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Firm level hiring policy with culturally biased testing

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  • Adrian Masters

Abstract

This paper explores the implications for labor market outcomes of systematic testing of applicants in the hiring process. A matching model in which productivity is a worker's private information is used. Both wages and hiring rates are endogenous. A minority is defined as a group for whom the test is less precise in identifying individual productivity. Welfare and employment outcomes across various hiring policies are compared. Simulations suggest that tests are typically too accurate so that in a laissez faire economy minority group members fair better than the majority group members. Rules requiring equity in hiring reverse this result.

Suggested Citation

  • Adrian Masters, 2004. "Firm level hiring policy with culturally biased testing," Discussion Papers 04-14, University at Albany, SUNY, Department of Economics.
  • Handle: RePEc:nya:albaec:04-14
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    File URL: http://www.albany.edu/economics/research/workingp/2004/ciweb.pdf
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    References listed on IDEAS

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    5. Larry Samuelson & George J. Mailath & Avner Shaked, 2000. "Endogenous Inequality in Integrated Labor Markets with Two-Sided Search," American Economic Review, American Economic Association, vol. 90(1), pages 46-72, March.
    6. Ausubel, Lawrence M & Deneckere, Raymond J, 1989. "Reputation in Bargaining and Durable Goods Monopoly," Econometrica, Econometric Society, vol. 57(3), pages 511-531, May.
    7. Coate, Stephen & Loury, Glenn C, 1993. "Will Affirmative-Action Policies Eliminate Negative Stereotypes?," American Economic Review, American Economic Association, vol. 83(5), pages 1220-1240, December.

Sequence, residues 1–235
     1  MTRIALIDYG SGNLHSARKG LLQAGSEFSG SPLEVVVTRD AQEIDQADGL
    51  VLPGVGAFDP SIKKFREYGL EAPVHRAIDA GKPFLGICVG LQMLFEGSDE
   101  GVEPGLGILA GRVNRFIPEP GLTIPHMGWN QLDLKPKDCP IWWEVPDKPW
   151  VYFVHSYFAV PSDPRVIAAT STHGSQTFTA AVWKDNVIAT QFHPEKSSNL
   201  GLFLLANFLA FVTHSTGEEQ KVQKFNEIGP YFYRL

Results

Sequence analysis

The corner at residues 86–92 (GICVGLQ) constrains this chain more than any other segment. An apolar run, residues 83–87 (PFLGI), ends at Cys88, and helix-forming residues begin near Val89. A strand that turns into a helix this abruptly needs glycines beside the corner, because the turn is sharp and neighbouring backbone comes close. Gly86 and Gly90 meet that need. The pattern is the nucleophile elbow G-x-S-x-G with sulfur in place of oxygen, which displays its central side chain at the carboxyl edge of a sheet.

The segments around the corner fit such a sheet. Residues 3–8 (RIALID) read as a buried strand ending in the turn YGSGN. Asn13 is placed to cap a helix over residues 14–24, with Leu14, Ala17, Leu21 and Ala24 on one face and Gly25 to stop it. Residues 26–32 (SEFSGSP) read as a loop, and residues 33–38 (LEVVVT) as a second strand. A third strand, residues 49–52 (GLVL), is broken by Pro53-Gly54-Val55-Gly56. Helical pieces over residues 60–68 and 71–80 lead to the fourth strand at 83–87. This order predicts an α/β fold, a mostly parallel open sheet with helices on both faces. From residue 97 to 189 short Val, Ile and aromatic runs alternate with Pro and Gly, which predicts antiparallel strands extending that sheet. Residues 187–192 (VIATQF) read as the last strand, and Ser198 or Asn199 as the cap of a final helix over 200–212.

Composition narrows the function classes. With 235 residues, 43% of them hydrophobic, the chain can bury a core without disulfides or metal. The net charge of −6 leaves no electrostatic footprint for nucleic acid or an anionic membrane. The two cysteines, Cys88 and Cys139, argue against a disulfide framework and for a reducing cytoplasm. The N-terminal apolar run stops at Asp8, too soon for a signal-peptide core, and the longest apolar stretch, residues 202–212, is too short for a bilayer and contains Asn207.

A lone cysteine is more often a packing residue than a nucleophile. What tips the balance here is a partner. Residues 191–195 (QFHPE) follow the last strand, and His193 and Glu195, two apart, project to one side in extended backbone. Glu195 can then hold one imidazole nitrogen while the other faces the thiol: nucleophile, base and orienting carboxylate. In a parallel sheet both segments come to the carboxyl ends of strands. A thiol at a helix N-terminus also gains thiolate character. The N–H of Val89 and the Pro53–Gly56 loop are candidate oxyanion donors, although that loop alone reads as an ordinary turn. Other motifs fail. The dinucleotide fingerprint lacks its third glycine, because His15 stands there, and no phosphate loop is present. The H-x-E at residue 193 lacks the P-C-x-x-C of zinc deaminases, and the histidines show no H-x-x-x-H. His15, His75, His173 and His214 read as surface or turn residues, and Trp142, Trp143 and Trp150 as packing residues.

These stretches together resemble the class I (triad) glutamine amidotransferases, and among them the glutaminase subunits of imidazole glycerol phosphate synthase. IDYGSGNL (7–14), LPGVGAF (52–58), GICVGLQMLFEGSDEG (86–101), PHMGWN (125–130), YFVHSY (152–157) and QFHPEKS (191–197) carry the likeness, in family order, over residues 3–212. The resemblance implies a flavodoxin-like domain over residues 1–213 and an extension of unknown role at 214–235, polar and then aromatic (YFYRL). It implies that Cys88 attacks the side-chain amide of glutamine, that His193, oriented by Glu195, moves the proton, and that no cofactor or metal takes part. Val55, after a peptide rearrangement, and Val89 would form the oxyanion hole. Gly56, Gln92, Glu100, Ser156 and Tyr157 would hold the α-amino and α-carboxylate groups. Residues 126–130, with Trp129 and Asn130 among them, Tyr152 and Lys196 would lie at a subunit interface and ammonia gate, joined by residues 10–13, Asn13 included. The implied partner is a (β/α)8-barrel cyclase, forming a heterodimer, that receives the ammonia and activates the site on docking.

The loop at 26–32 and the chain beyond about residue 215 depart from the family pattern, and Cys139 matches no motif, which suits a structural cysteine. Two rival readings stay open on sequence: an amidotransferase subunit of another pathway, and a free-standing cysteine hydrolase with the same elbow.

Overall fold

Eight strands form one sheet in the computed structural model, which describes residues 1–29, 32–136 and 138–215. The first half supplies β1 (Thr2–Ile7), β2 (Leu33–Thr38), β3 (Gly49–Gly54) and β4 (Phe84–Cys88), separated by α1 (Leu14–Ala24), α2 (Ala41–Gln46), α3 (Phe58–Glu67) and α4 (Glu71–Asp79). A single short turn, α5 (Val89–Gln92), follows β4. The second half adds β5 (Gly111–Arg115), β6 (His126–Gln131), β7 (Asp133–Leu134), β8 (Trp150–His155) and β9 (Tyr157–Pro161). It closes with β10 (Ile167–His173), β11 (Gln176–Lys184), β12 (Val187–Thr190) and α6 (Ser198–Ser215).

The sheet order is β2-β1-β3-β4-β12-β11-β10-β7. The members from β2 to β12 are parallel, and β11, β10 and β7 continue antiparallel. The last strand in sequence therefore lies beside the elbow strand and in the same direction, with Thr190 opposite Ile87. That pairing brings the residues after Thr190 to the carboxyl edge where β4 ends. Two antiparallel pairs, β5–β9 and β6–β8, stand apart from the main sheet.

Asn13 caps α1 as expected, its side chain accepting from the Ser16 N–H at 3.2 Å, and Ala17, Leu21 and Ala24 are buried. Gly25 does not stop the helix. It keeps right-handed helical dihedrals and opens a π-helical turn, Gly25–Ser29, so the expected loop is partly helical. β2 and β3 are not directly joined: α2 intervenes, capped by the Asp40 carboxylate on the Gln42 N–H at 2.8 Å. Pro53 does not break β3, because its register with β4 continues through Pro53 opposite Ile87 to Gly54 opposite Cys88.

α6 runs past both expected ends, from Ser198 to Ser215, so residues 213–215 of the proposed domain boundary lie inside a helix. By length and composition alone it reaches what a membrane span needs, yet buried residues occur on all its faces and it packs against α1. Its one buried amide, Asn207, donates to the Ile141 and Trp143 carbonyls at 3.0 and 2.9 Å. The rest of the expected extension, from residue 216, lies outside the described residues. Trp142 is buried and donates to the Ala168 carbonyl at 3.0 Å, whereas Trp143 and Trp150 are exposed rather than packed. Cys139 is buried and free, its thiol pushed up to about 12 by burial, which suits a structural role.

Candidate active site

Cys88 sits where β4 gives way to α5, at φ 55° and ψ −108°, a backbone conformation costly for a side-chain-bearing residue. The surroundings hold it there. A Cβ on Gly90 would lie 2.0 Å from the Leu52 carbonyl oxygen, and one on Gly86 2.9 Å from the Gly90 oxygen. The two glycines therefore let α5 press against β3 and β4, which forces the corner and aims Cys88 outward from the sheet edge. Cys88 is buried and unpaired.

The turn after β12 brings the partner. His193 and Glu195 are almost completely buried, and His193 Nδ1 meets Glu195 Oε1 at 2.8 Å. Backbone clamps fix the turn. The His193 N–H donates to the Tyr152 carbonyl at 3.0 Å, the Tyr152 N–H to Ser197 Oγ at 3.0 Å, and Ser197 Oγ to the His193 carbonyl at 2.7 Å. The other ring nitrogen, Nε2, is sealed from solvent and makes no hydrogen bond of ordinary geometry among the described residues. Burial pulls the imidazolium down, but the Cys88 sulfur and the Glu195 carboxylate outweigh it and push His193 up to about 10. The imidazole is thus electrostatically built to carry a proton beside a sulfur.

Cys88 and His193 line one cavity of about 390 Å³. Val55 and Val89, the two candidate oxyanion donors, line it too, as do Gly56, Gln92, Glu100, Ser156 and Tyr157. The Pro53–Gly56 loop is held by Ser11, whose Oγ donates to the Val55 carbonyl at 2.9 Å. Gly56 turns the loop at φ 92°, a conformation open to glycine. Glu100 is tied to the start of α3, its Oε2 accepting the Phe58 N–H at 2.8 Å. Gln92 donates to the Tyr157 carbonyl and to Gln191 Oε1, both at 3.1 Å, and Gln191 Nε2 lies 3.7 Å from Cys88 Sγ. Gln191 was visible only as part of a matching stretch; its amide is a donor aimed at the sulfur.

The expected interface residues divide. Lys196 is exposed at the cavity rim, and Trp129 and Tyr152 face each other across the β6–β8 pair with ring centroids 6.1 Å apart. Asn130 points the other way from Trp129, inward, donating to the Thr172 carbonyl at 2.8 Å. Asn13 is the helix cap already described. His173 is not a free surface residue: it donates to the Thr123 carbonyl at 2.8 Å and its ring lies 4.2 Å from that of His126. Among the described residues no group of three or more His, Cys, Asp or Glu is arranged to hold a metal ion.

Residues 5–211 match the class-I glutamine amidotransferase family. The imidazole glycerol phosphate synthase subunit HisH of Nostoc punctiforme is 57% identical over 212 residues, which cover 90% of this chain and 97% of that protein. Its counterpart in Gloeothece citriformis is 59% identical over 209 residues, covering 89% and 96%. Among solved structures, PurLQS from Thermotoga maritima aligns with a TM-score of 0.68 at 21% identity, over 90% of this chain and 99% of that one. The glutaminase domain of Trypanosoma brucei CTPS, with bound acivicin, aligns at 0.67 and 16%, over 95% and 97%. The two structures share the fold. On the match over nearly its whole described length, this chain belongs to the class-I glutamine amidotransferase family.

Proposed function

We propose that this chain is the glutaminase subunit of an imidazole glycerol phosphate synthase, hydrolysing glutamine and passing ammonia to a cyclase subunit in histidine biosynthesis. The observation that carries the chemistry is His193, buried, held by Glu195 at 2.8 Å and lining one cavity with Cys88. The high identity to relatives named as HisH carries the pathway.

8. David H. Autor & David Scarborough, 2004. "Will Job Testing Harm Minority Workers?," NBER Working Papers 10763, National Bureau of Economic Research, Inc.
    9. Kenneth Burdett & Shouyong Shi & Randall Wright, 2001. "Pricing and Matching with Frictions," Journal of Political Economy, University of Chicago Press, vol. 109(5), pages 1060-1085, October.
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    11. Cornell, Bradford & Welch, Ivo, 1996. "Culture, Information, and Screening Discrimination," Journal of Political Economy, University of Chicago Press, vol. 104(3), pages 542-571, June.
    12. Phelps, Edmund S, 1972. "The Statistical Theory of Racism and Sexism," American Economic Review, American Economic Association, vol. 62(4), pages 659-661, September.
    13. Masters, Adrian M, 1999. "Wage Posting in Two-Sided Search and the Minimum Wage," International Economic Review, Department of Economics, University of Pennsylvania and Osaka University Institute of Social and Economic Research Association, vol. 40(4), pages 809-826, November.
    14. Arrow, Kenneth J., 1973. "Higher education as a filter," Journal of Public Economics, Elsevier, vol. 2(3), pages 193-216, July.
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    Cited by:

    1. Adrian Masters, 2005. "Directed search without wage commitment: a new role for minimum wages and unions," 2005 Meeting Papers 347, Society for Economic Dynamics.
    2. William Blankenau & Gabriele Camera, 2006. "A Simple Economic Theory of Skill Accumulation and Schooling Decisions," Review of Economic Dynamics, Elsevier for the Society for Economic Dynamics, vol. 9(1), pages 93-115, January.

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